Editorial: Keep Toronto's shelter beds

Winter is coming and Toronto City Council seems to have no adequate plan to stop homeless shelters from disappearing.

Image of an old man with white beard

Homeless John | Photo: IrvingGFM CC0

The Salvation Army’s 124-bed men’s Hope Shelter at the corner of College and McCaul closed in April and the 70-bed YWCA’s Beatrice House at 177 Caledonia Rd. for women and their children experiencing homelessness shut their doors in June.

The City has also approved plans in principle to tear down Seaton House, a 543-bed shelter on George Street near Dundas Street. Many agree that something needs to happen with Seaton House, but demolition without decent shelter in the interim is a recipe for disaster.

As part of its George Street Revitalization project, city council approved plans to replace Seaton House with a combination of emergency shelter and long-term care beds as well as well affordable and market price housing. But according to city reports on the revitalization, tearing down Seaton House and building the new complex in its place would reduce Toronto’s emergency shelter capacity by another 140 beds.

While investing in new and affordable housing is essential, losing emergency shelter beds in the interim is a callous trade off. In 2013, City Council set a target to keep the occupancy of Toronto shelters at or below the 90 percent mark. This month, Toronto shelters are operating at close to 100 per cent of their capacity.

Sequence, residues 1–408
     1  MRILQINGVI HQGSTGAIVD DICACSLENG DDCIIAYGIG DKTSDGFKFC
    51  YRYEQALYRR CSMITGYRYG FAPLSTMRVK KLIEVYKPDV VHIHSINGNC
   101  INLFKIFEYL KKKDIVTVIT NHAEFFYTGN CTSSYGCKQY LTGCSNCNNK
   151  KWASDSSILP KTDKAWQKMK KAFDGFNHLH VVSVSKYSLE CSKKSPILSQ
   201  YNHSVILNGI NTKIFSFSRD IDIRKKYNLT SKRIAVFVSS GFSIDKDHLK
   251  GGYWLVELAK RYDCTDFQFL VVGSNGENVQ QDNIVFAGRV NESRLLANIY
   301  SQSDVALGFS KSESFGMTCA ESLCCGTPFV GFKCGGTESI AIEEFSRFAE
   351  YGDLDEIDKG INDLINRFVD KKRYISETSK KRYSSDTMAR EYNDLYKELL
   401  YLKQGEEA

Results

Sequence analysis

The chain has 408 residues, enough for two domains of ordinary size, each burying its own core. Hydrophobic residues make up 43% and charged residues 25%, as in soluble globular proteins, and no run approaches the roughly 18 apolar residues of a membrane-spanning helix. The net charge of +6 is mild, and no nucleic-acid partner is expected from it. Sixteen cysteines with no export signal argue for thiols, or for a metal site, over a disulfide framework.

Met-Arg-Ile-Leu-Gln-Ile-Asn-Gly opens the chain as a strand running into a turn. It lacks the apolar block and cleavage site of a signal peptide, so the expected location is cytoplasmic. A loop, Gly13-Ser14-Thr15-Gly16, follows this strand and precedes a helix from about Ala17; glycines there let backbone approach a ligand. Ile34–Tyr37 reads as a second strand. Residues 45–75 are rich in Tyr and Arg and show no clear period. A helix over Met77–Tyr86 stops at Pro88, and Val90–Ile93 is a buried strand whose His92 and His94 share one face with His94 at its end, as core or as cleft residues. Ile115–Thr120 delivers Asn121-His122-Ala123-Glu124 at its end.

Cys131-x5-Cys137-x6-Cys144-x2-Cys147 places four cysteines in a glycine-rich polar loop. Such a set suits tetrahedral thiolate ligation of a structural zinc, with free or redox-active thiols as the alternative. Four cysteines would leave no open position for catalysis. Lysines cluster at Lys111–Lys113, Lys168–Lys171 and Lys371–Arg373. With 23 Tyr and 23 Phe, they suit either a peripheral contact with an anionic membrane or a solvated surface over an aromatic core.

Unfortunately, Toronto’s shelter system is already overburdened. As the colder weather comes, people experiencing homelessness will face a tougher time coming in from the cold.

Homeless Hub, a research centre based out of York University, noted that Toronto’s homelessness population has been increasing the last four years. While the effort to build more affordable housing is important, Homeless Hub Research co-ordinator, Tanya Gulliver-Garcia is right when she said, “so is making sure the needs of people who are currently homeless get met.”

The Ontario Coalition Against Poverty (OCAP) suspects that plans to demolish Seaton House are part of a drive to move Toronto’s poor away from the downtown core, where vital services are. In an open letter, OCAP argued that there is “no meaningful plan to replace the emergency shelter beds that will be lost at Seaton House.” The group is calling for an end to closing shelters, “unless and until alternative spaces in the same area of the city have been secured” and will be taking their demands to city council on Nov. 3.

Toronto must do more to ensure adequate space for our most vulnerable people. Four men experiencing homelessness died in the cold of January 2015, compelling the City of Toronto to open up more temporary shelters. These kinds of tragedies are avoidable, let’s not wait until they happen again.

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Editorial: Keep Toronto's shelter beds